Friday, August 19, 2016

It's Not Over When It's Over

She used to call me babes.

Long straight blond hair, tanned complexion, a few freckles on her nose. Eyes that seemed to change colour in the light.

She drove a sports car. A cool chick, the kind I'd hang out with in high school. She'd pick me up at a subway station because I don't have a vehicle.

"Hey babes."

Upscale casual well-made clothes dressed her thin frame. I loved it when she'd toss her cast-offs my way. The red pants I'm crouching in when you see my Facebook picture, those were hers. She never did wear them.

She was the kind of woman (girl) I imagined the Beach Boys sang about I, I love the colorful clothes she wears/And the way the sunlight plays upon her hair. J. reminded me of Jennifer Aniston, of perpetual youth and an endearing lankiness.

She was tortured.

We sat in her car one night outside a meeting. I watched her smoke one cigarette after another. She told me she gave birth to three triplets who all died. She wiped away tears, tears that wouldn't stop.

I could not relate. But I could make her laugh. And eventually, she made me laugh.

My boyfriend and I went out with J. and her husband on a few occasions. Dinner. Sailing. Over to their place. J. came on her own to Hirut Hoot, the comedy show I co-produce. Hosting that night, I felt great to see her laughing with the regulars.

There was nothing I could do. I am ill-equipped myself.

She loved her teen-aged son and encouraged him to get serious about his acting career. Love though, can take on a life of its own. It becomes a shapeshifter.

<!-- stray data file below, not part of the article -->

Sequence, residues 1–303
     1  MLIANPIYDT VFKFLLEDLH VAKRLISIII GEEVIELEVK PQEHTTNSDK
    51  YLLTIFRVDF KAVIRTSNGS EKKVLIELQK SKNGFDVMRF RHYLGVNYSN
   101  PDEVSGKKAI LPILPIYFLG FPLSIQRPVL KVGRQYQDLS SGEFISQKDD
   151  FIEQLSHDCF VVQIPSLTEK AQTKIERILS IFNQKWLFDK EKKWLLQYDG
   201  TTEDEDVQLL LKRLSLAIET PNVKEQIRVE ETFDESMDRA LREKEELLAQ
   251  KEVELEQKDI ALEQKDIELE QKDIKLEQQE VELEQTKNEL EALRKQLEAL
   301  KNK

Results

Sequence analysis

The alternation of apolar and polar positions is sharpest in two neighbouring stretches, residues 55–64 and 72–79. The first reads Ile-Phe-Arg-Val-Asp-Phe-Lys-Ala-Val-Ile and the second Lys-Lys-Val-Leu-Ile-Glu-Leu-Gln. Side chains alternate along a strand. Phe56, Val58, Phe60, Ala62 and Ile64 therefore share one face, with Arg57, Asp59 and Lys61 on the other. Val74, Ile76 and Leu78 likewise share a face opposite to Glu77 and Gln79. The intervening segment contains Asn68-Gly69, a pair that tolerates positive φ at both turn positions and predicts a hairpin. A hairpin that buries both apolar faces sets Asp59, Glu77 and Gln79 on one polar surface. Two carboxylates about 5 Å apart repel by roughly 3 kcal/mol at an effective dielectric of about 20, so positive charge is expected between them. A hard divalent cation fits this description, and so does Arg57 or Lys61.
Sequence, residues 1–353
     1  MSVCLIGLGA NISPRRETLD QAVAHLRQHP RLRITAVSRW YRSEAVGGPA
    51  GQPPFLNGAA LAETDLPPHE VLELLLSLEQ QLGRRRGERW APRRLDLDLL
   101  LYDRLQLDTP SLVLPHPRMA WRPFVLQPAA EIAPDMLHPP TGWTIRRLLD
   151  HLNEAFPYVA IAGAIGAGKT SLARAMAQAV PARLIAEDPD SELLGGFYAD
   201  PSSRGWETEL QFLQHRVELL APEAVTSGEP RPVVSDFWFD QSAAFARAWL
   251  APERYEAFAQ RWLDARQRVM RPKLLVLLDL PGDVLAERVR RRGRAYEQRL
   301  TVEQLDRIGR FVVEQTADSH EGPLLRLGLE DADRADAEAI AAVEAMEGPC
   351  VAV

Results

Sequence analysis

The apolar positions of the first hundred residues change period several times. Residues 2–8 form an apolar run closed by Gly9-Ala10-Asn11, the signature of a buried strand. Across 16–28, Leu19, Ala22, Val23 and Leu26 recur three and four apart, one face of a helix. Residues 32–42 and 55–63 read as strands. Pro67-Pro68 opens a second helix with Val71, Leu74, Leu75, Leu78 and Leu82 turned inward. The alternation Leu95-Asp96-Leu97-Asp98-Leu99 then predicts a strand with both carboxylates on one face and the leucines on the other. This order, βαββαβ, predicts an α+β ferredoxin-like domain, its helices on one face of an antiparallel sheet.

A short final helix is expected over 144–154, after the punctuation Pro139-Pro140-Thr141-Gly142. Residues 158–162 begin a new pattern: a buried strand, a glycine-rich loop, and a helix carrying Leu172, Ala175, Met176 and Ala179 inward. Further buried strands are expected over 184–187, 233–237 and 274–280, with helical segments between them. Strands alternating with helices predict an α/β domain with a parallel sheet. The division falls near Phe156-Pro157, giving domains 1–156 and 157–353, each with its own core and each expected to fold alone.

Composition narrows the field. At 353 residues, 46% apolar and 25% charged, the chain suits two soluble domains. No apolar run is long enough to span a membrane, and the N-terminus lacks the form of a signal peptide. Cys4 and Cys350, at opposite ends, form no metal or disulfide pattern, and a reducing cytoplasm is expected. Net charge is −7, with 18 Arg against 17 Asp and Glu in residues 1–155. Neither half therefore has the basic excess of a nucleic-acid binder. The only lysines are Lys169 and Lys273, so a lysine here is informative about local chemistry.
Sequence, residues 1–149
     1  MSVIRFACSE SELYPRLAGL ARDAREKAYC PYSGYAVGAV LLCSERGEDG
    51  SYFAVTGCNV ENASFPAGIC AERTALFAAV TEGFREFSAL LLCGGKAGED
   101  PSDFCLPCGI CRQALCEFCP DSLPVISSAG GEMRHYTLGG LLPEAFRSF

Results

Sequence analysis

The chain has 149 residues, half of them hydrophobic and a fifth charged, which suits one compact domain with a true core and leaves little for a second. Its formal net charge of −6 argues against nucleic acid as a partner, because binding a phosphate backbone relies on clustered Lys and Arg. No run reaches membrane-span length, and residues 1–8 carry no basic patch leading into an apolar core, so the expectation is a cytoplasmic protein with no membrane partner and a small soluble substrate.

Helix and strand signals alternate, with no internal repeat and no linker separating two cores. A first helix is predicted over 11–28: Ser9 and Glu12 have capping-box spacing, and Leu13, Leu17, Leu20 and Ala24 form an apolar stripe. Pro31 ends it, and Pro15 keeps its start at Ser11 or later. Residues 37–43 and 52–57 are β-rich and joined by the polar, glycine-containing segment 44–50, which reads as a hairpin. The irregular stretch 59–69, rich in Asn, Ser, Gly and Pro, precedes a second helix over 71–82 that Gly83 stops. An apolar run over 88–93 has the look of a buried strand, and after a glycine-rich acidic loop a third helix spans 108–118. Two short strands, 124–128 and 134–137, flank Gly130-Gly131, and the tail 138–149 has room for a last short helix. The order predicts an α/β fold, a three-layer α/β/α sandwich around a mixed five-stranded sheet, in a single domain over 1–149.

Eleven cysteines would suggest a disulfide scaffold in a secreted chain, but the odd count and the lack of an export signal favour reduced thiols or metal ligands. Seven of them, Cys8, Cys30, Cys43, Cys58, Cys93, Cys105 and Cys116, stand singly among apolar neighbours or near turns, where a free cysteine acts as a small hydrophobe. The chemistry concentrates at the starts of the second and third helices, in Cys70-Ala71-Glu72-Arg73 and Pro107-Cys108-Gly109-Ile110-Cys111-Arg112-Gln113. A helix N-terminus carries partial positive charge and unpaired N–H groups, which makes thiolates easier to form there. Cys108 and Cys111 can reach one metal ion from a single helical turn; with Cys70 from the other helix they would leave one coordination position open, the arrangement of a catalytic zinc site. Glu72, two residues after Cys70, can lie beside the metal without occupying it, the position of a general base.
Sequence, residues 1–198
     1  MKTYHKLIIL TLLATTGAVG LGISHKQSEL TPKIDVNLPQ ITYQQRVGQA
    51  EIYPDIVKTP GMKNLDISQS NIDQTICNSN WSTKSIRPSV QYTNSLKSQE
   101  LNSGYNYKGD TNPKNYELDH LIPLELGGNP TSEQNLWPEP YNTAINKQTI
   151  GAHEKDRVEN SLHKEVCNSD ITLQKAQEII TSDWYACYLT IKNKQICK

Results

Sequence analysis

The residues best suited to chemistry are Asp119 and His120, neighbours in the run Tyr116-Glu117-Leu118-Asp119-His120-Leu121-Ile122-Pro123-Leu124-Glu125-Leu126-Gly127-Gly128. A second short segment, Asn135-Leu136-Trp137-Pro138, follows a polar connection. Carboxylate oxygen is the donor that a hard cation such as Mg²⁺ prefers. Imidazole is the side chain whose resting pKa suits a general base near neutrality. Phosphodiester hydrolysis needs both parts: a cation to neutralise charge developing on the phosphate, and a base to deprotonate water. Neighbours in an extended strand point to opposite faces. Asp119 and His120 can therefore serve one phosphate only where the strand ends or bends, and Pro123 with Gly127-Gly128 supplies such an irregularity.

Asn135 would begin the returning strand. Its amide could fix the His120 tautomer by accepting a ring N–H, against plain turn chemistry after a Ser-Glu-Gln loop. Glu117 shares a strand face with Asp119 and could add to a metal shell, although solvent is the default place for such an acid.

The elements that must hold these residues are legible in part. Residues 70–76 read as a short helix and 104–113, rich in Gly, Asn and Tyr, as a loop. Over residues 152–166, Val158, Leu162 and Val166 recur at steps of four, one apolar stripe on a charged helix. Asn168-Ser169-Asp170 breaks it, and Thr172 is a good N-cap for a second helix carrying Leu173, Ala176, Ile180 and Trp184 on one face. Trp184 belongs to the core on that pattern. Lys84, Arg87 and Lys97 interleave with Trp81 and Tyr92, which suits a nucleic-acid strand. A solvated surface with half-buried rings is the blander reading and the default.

One day, I had to be honest with her.

"I can't be your sponsor anymore. You're not listening to me."

She stopped coming to our home group. 


"Babes. I have to move out of my house. Can you come over?"

J. stood in a bedroom, piles and piles of clothes surrounding her, persona at her feet.

"Grab a bag."

I hesitated, but started foraging through her belongings. She held shirts and dresses up to my body and nodded 'yes' or shook her head 'no'. Afterward, we sat on the front steps of the empty house. We had coffee and talked about our lives, squinting in the late August sun.


Two years later, I am heading into my meeting when a member asks to speak to me.

"I think I saw J. at the ER. The police brought her in. She was in handcuffs."

He told me about her screams, her bony body flailing as the cops held her. The sputtering about absence. 

Grief caved in on me. 


Four months ago, I received an email from her ex-husband. I'm sorry to inform you that J. has passed away.

I was wearing one of her shirts when I read the email.

At J.'s funeral, shocked family and friends stood like bowling pins. A Catholic priest presided, and to my surprise, expressed mercy and kindness. I didn't know the Catholic rule book had updated its take on suicide. I kept staring at the urn, picturing her blond hair and freckles. She had freckles in her forties. Unusual.

Sometimes, I'll be walking and then stop, amazed by the sun, astonished how light produces colour -- soft greens, gentle blues, permutations of the visible spectrum. Then, above, I see a brilliant yellow bird with specks of black and white, perched on a wire. In my despair, this is what I remember. 

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